Fall Pilgrimage off to great start this year
When I was growing up in Natchez, Fall Pilgrimage was in its infancy and was somewhat of an afterthought to its big sister, Spring Pilgrimage.
That is certainly not the case any longer, and this year’s event is already proving to be one of the best Fall Pilgrimages ever.
First, Fall Pilgrimage is beginning a week later than it has in the past, and that is by design. Fall Pilgrimage starts on Friday, Sept. 27, and continues through Monday, Oct. 14.
Doug Mauro, who is president of the board of Natchez Pilgrimage Tours and is an owner, along with his partner Don McGlynn, of Historic Oak Hill Inn, said the move was made in an effort to give visitors a little bit cooler weather.
Another reason for excitement about this year’s Fall Pilgrimage is due to some technology investments made by Natchez Pilgrimage Tours, which is allowing potential visitors to buy tickets and make other plans online.
Instead of getting an old-fashioned, tear-off ticket as in years past, visitors can purchase and print their tickets online by going to NatchezPilgrimage.com, click a few times on desired tours and simply print their tickets out, or use their smart phones, which will display a code verifying the purchase.
The ticket software on the NatchezPilgrimage.com site is mobile friendly and allows visitors who speak 28 different languages in 160 countries to buy tickets.
So far, tickets have been purchased from residents of Germany, the Netherlands, Spain and France. But best of all, Natchez Pilgrimage Tours has sold twice as many tickets this year than at the same time last year.
That is truly a big deal.
Sixteen private homes will be available for tour during Fall Pilgrimage, as will Longwood, Stanton Hall and Rosalie.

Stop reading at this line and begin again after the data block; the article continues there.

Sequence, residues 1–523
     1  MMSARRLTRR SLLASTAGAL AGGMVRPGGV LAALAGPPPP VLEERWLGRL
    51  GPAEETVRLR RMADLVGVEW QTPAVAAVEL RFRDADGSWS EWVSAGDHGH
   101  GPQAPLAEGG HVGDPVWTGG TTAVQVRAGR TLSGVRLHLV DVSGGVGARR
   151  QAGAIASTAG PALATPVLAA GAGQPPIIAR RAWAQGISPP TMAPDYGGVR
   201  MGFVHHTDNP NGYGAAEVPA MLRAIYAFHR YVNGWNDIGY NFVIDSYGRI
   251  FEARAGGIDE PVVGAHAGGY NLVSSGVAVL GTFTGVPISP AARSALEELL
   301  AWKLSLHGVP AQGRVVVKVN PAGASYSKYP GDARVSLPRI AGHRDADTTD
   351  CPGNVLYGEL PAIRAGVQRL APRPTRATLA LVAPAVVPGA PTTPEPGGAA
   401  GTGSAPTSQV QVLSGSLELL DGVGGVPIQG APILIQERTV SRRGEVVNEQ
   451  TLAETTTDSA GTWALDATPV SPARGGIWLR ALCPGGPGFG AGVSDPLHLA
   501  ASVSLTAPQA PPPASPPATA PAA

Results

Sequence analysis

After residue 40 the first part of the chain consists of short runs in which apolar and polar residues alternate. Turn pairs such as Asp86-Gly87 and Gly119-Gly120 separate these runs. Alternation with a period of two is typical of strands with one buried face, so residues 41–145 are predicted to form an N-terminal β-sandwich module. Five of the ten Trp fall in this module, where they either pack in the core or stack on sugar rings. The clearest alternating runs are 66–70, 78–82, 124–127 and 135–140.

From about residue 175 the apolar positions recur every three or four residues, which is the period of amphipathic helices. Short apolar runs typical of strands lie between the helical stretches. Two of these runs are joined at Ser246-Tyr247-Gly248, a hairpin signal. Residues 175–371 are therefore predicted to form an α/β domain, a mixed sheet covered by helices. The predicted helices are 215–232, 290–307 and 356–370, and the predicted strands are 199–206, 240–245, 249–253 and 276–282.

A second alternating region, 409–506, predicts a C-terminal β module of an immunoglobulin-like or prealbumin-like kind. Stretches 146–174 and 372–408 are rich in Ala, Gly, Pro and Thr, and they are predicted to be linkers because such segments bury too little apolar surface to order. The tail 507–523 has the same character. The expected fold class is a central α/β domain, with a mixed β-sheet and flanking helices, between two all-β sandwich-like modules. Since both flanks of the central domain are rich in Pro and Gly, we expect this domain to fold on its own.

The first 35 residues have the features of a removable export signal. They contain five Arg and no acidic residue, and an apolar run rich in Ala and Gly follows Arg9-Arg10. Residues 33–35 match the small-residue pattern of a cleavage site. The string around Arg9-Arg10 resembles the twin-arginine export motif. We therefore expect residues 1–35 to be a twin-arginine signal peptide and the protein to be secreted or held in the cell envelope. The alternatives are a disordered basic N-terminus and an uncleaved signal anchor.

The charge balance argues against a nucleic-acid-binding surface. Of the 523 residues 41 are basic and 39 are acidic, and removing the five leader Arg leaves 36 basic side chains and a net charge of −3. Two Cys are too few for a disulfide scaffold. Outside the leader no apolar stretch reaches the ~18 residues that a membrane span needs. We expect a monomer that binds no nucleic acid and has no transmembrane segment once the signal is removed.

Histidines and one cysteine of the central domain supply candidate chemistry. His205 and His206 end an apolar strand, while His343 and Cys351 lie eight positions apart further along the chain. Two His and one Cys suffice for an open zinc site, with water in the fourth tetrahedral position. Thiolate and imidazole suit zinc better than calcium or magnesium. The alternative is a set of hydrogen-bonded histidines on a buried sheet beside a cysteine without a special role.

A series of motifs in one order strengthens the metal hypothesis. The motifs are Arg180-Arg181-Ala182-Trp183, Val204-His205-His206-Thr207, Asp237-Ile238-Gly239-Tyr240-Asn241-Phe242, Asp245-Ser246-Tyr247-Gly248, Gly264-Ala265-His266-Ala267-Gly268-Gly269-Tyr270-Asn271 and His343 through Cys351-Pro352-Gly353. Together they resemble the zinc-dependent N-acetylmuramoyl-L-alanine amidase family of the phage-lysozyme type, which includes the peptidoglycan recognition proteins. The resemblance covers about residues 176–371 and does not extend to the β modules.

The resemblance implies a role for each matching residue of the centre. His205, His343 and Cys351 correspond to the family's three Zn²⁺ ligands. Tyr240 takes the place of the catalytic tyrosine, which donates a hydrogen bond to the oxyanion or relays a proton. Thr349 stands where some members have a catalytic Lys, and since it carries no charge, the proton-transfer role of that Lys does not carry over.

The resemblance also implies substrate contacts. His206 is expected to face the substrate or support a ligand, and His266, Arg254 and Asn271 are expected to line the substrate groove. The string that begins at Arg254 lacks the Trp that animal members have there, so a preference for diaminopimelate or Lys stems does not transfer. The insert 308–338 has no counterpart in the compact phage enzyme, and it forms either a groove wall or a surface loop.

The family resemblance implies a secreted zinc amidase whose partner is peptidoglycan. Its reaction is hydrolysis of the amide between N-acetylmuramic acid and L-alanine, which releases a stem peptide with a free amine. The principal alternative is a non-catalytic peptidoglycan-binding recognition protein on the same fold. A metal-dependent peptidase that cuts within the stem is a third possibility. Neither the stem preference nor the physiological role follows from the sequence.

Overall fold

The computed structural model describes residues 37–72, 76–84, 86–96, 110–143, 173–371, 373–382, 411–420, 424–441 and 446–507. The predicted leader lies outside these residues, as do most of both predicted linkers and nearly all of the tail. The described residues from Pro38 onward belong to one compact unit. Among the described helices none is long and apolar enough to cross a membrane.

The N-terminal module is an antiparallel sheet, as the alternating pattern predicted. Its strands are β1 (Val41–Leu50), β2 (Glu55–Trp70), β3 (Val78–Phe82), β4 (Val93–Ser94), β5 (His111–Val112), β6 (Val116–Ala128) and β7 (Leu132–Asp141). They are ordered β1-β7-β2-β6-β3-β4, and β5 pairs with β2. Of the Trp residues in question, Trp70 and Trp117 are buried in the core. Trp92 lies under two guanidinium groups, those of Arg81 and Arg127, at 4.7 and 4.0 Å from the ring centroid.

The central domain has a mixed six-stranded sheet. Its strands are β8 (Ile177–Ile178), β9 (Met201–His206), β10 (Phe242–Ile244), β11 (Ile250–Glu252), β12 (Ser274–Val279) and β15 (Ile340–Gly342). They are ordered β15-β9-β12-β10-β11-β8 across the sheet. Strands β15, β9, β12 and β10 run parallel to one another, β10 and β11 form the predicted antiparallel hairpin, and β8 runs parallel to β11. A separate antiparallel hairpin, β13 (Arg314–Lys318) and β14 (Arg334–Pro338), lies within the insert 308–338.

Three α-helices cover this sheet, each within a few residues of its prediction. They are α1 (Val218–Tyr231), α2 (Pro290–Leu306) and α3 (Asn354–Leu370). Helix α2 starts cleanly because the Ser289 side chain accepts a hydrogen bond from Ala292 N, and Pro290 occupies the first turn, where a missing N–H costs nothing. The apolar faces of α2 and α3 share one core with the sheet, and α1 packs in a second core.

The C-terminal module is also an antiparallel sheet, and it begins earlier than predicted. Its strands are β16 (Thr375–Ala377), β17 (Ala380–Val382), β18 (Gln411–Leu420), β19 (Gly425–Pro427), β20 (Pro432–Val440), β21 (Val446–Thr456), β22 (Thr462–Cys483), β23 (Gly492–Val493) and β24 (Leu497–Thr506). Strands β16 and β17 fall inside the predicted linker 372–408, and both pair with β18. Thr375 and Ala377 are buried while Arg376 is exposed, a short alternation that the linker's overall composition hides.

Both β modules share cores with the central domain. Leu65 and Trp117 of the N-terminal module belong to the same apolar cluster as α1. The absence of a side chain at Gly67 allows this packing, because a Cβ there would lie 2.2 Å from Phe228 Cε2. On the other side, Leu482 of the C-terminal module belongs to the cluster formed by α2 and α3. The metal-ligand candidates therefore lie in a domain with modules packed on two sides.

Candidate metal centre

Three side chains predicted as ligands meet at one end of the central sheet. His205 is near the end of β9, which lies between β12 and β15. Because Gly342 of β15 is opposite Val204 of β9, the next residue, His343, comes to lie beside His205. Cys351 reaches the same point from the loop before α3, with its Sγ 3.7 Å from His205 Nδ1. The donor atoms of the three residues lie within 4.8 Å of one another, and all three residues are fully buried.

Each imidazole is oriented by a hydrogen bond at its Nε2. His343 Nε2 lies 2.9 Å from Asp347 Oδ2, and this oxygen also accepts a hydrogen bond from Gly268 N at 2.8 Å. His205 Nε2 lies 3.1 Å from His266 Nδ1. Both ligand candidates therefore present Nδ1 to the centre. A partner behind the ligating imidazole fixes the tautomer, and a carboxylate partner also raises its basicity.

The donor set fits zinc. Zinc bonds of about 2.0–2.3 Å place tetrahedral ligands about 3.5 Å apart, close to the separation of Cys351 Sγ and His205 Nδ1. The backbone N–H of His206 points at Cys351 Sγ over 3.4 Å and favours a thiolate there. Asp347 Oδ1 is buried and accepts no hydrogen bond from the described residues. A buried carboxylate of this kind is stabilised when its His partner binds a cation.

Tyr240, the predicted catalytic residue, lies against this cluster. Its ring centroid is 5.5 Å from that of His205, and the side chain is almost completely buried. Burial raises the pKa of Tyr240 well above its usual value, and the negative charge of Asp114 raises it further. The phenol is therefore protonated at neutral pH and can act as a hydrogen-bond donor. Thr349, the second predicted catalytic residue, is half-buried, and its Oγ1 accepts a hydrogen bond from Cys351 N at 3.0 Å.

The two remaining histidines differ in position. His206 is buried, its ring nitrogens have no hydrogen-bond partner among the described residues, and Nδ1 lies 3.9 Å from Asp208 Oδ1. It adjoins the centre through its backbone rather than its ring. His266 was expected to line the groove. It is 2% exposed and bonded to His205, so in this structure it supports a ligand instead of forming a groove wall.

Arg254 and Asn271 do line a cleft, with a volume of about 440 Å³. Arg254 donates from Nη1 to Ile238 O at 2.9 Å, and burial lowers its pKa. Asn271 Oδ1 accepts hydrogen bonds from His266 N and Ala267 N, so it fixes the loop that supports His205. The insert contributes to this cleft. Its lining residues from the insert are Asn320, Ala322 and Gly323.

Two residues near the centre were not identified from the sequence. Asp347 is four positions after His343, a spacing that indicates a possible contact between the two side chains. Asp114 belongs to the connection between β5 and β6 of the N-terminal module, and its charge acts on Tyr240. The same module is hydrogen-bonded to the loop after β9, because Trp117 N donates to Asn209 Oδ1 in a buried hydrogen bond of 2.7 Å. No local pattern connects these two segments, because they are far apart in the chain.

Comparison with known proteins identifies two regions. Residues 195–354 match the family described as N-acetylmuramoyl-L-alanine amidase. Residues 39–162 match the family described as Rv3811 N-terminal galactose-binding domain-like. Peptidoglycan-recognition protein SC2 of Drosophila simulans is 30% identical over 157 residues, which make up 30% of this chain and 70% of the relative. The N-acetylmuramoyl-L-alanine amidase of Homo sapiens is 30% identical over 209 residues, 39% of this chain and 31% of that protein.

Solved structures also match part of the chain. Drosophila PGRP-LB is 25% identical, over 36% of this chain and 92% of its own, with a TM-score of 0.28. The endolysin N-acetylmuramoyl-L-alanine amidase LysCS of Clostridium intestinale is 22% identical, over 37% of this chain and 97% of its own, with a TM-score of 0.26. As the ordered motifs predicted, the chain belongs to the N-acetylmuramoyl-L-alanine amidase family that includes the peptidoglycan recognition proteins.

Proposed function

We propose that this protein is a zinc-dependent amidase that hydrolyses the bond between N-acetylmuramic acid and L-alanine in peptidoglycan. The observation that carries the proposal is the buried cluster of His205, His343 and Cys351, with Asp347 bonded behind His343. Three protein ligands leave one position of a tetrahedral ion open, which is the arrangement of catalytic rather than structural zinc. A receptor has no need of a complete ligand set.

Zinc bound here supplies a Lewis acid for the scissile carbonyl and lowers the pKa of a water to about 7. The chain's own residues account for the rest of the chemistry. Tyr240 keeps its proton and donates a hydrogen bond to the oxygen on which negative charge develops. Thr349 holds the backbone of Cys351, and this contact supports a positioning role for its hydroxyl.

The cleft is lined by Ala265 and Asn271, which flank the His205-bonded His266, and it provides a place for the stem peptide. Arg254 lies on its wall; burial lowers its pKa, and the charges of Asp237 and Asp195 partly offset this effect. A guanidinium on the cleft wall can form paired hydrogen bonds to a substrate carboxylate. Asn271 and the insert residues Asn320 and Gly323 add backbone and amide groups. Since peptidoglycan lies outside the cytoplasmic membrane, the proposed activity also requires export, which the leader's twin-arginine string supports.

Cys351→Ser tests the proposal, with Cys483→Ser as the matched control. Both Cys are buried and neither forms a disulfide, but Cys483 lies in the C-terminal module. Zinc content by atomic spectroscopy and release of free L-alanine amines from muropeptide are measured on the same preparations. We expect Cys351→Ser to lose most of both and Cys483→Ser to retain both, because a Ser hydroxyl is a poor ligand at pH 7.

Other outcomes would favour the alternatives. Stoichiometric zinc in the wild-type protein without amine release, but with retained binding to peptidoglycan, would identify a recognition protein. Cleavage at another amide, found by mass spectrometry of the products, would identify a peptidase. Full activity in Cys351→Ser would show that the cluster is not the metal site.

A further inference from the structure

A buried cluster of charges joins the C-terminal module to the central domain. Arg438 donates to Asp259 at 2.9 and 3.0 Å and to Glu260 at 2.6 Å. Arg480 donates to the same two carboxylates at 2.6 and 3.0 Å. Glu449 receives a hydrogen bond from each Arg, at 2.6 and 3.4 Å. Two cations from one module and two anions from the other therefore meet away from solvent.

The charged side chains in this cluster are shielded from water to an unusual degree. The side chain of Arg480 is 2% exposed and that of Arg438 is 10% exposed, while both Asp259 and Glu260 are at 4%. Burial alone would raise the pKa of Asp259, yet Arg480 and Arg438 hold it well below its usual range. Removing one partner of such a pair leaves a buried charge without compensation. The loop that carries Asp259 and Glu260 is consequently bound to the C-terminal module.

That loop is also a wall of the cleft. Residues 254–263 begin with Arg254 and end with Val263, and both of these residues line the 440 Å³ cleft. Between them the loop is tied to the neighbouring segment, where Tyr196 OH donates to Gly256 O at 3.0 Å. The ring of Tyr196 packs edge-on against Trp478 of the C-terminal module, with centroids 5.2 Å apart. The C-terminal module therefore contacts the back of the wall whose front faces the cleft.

However, Natchez Pilgrimage Tours and its volunteers and partners have worked hard to add more entertainment and evening events. Three homes will feature ghost or paranormal activity tours — Longwood, The Burn and The Towers. Don’t be too afraid, you will be provided with “spirits” of your own to help bolster you through the tours.
Entertainment will also be provided in the evening at Stanton Hall, which will include musicians, appetizers and Southern cocktails. The Carriage House restaurant will also be open every day during Fall Pilgrimage, including for breakfast.
During the evenings, The Carriage House will offer a Southern buffet dinner, after which participants will walk across the street to Dan Gibson’s Stanton Guest House for an interactive concert, including songs on request.
Jazz and Juleps at Auburn will be available, as will Natchez Native “fact and fiction” stories, which will be held at The Carriage House and feature complimentary wine and a cash bar. For dates of any of these and the other events not listed here, please go to the NatchezPilgrimage.com website.
The annual Antiques Forum, which is the longest continuous antiques forum in the country, will follow Fall Pilgrimage closely, beginning on Oct. 31. Its focus this year will be 1890s through the early 1900s, known as Belle Époque or “the beautiful era.” That time is characterized as art nouveau, and Natchez has a number of perfect examples from that era.
Events like these continue to bring important dollars into Natchez, which benefit everyone in our community.
Jan Griffey is general manager of The Natchez Democrat. You may reach her at 601-445-3627 or email@example.com.